The Gassan Diamonds factory at the Uilenburgerstraat in Amsterdam, 2006.
The year 1854 is regarded as the beginning of the company, when Joseph Isaac Asscher named his business after his oldest son, Isaac Joseph Asscher. This family business acquired a great name and processed such famous diamonds as the Cullinan, the Excelsior and the Trisakti. From the Cullinan, the largest diamond ever found, with a weight of 3,106 carats, the two largest cut stones can be admired in the Imperial Scepter and the Imperial State Crown in the Tower of London. In 1902 the 2nd generation Asscher brothers designed the Asscher Cut, a unique method of cutting rectangular diamonds. It is a distinctive variant on the Emerald-cut. The exceptional proportions on the top of the diamond and a special arrangement of facets create a stone with enormous warmth and elegance. In 1894 Joseph Asscher established himself in Paris where he founded the firm Joseph Asscher & Cie, followed in 1921 by a diamond factory at Versailles where wounded veterans of the First World War were trained to become diamond workers. The polishing is done in Amsterdam, but mainly in Antwerp, Russia and China. Isaac Joseph Asscher, the son of the founder of the Asscher Diamond Company, 1843-1902.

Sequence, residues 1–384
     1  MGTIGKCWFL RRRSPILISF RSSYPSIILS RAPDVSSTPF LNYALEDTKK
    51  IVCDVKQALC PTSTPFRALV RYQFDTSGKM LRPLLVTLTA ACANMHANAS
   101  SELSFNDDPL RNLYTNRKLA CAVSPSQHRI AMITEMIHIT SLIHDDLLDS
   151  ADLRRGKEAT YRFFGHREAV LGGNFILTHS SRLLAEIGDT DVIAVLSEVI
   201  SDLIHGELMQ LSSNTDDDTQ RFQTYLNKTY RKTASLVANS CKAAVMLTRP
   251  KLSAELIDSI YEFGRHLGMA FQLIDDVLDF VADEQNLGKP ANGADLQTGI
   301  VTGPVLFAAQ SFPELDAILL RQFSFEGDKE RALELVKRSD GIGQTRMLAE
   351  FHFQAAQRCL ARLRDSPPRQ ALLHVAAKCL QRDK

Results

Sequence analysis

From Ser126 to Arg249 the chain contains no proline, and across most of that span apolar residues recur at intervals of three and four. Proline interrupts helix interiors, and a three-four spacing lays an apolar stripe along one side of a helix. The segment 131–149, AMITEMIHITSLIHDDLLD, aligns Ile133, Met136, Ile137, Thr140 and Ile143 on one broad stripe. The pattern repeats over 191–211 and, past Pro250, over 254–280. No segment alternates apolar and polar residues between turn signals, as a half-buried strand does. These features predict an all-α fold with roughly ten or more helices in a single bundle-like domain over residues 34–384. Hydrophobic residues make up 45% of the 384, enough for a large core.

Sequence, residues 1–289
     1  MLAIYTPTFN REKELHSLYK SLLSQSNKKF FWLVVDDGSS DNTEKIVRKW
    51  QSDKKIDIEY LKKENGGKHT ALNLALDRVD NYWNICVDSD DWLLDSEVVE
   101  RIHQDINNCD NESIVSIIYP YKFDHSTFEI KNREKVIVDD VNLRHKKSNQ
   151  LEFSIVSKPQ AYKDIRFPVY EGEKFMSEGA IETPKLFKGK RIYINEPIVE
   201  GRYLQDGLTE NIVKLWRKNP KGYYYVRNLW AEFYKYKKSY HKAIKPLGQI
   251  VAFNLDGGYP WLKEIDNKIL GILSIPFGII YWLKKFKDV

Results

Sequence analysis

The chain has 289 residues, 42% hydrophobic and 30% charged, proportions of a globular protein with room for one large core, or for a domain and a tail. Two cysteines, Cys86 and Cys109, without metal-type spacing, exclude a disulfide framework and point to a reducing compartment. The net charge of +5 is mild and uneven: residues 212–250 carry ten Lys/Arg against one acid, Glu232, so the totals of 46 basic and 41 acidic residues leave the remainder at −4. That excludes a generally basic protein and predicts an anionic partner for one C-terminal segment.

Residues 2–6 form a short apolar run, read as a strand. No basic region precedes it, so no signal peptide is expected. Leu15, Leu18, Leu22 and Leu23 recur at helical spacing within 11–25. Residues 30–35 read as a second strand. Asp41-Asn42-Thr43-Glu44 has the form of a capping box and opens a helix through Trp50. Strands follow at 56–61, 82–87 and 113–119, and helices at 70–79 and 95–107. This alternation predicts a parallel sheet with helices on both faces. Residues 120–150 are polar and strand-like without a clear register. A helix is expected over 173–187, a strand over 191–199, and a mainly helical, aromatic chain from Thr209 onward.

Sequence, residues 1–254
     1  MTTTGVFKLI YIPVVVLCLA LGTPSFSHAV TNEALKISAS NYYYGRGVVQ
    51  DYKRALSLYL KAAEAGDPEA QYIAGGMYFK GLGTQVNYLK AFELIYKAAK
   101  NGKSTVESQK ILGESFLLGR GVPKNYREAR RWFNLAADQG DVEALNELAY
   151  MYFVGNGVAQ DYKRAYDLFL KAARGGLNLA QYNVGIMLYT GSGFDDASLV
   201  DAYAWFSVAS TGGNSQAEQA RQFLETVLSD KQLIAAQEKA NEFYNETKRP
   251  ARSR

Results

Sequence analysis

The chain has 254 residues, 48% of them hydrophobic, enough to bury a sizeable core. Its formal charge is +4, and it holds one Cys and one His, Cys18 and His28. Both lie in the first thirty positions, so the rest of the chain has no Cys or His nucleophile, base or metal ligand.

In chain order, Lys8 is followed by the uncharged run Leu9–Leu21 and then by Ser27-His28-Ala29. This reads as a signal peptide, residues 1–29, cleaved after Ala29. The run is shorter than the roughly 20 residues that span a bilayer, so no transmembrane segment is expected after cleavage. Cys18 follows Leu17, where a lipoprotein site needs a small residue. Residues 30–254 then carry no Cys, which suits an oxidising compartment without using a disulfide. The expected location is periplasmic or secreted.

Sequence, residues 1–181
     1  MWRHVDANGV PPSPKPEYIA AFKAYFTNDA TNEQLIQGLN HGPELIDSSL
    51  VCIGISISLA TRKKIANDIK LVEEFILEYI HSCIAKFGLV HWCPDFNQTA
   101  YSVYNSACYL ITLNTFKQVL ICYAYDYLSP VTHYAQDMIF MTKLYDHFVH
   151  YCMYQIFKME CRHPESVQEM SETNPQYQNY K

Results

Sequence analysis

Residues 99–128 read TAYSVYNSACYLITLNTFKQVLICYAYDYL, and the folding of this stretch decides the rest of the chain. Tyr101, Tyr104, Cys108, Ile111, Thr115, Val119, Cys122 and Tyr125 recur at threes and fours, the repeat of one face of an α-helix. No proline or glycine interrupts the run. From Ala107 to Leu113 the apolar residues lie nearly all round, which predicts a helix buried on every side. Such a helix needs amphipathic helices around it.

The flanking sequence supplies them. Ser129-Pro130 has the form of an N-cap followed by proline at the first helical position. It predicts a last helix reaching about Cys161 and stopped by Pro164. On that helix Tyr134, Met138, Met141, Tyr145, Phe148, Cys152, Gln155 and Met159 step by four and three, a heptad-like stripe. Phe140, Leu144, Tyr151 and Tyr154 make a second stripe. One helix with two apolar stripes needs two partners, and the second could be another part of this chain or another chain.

from left to right: Princess Beatrix, host Lodewijk Asscher, Princess Irene, Queen Elisabeth, Prince Philip and Queen Juliana, early seventies last century
The Royal Asscher factory at the Tolstraat in Amsterdam, 2006.
In 2002 the 4th generation created the Royal Asscher® Cut, a variant on the Asscher Cut. The new model is square and has a total of 74 facets, 16 more than regular. The effect is a spectacular light reflection.
Around 1821, Levie van Moppes entered service as a diamond cutter’s helper at one of the Amsterdam diamond factories. He became the progenitor of a lineage of diamond workers and traders. His son David Levie opened a steam-driven polishing works in 1879. At the start of the 20th century, in addition to Amsterdam establishments, the Van Moppes family had establishments in Paris, New York, London, South Africa, Brussels and Antwerp. Straight after the war the brothers returned and opened a large polishing factory in Amsterdam. Thanks to the co-operation of the Diamond Trading Company, the Van Moppes firm became a ‘sight-holder’, and was thereby assured of the supply of diamonds. Mid 1950’s, the firm started providing tours and engaging in sales to tourists. Then they also entered into the manufacture and sale of jewellery. At the start of the ’70s, a number of establishments were opened abroad. In 1995 the firm was taken over by Coster Diamonds. When after the attack on the World Trade Center in New York the stream of tourists from America and the Far East temporarily dried up, Van Moppes was forced to close the company. After 175 years there came an end to one of the most renowned diamond merchants of Amsterdam.
Arnold van Moppes
(1891 -1972) changed Van Moppes in a public limited company in 1937
When at the beginning of the Second World War the import of rough diamonds stopped, two descendants started a diamond company in Brazil.
Van Moppes Diamonds in the Albert Cuypstraat in Amsterdam, 2000.